Drupal is a free and open source Content Management System (CMS) written in PHP and distributed under the GNU General Public License. It is used as a back-end system for many different types of websites, ranging from small personal blogs to Enterprise 2.0 collaboration and knowledge management uses to large corporate and political sites. In October 2009, the administration of U.S. president Barack Obama adopted Drupal for the official Whitehouse.gov website.
The standard release of Drupal, known as Drupal core, contains basic features common to most CMSs. These include the ability to register and maintain individual user accounts within a flexible and rich permission / privilege system, create and manage menus, RSS-feeds, customize page layout, perform logging, and administer the system. As installed, Drupal provides options to create a classic brochureware website, a single- or multi-user blog, an Internet forum, or a community website providing for User-generated content.
Drupal was also designed to allow new features and custom behavior to be added to extend Drupal’s core capabilities. This is done via installation of plug-in modules (known as contrib modules) created and contributed to the project by open source community members. For this reason, Drupal is sometimes described as a content management framework.
Although Drupal offers a sophisticated programming interface for developers, no programming skills are required for basic website installation and administration.
Drupal can run on any computing platform that supports both a web server capable of running PHP version 4.3.5+ (including Apache, IIS, Lighttpd, and nginx) and a database (such as MySQL or PostgreSQL) to store content and settings.
Originally written by Dries Buytaert as a message board, Drupal became an open source project in 2001. Drupal is an English rendering of the Dutch word “druppel”, which means “drop” (as in “a water droplet”). The name was taken from the now-defunct Drop.org website, whose code slowly evolved into Drupal. Buytaert wanted to call the site “dorp” (Dutch for “village”) for its community aspects, but made a typo when checking the domain name and thought it sounded better.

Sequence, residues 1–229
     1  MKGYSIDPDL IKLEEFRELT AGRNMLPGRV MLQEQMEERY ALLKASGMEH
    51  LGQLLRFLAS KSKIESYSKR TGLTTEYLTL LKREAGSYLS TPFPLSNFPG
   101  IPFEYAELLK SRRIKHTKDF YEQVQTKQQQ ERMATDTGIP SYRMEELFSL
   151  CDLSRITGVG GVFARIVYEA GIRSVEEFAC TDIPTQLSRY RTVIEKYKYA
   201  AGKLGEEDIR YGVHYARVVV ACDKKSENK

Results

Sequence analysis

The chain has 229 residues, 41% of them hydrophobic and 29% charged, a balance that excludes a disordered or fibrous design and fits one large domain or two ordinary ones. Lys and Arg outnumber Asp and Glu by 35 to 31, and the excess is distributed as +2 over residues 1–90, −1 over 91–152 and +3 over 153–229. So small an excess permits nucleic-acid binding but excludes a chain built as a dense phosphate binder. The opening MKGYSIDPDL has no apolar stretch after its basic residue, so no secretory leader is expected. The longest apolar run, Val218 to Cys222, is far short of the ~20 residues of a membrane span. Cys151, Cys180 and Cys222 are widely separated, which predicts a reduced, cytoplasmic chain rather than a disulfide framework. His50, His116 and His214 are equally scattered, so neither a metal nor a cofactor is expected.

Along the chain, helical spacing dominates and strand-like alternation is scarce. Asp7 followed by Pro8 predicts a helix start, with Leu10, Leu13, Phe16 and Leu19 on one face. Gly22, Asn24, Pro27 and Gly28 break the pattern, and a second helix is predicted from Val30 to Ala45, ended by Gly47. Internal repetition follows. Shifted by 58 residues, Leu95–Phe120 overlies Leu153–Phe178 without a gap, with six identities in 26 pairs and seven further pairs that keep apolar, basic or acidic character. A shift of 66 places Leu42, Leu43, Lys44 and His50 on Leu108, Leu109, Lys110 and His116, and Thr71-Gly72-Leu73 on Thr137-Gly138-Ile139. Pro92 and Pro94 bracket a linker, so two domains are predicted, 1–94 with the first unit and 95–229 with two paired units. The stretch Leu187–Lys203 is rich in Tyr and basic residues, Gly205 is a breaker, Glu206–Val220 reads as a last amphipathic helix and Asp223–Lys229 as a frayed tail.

From May 2007 to April 2008, Drupal was downloaded from the Drupal.org website more than 1.4 million times, an increase of approximately 125% from the previous year. A large community now helps develop Drupal.
Drupal’s popularity is growing rapidly. Over 70 well-known brand names and not-for-profit organizations now use Drupal.
On March 5th 2009, Dries Buytaert announced a code freeze for Drupal 7 for September 1st 2009. There is no date announced yet for the release of Drupal 7 after this code freeze; the latest test release, DRUPAL-7-0-UNSTABLE-9, was on September 15th 2009.
Drupal core is the stock installation of Drupal, which can be optionally extended by third party contributions. In Drupal’s default configuration, website content can be contributed by either registered or anonymous users (at the discretion of the administrator) and made accessible to web visitors by a variety of selectable criteria including by date, category, searches, etc. Drupal core also includes a hierarchical taxonomy system, which allows content to be categorized or tagged with key words for easier access.
Drupal maintains a detailed changelog of core feature updates by version.
Drupal core includes core modules which can be enabled by the administrator to extend the functionality of the core website.
The core Drupal distribution provides a number of features, including:
Drupal core includes several core themes, which customize the aesthetic look-and-feel of the site. These themes can be chosen by the administrator via a special menu.
The Color Module, introduced in Drupal core 5.0, allows administrators to change the color scheme of certain themes via a Web-browser interface. This feature was added to allow a higher level of customization for the average non-coder.
As of February 2008, translations for Drupal’s interface were available in 44 languages plus English (the default).Some read right to left, such as Arabic, Farsi, and Hebrew. Drupal 6 provides improved support for content and content administration in multiple languages.
Drupal can automatically notify the administrator when a new version of any module, theme, or the Drupal core itself, becomes available. This feature can help keep a Drupal installation up-to-date with the latest features and security fixes.
An auto-update module for the older version 5.x provides identical functionality, but it is not included in the core release.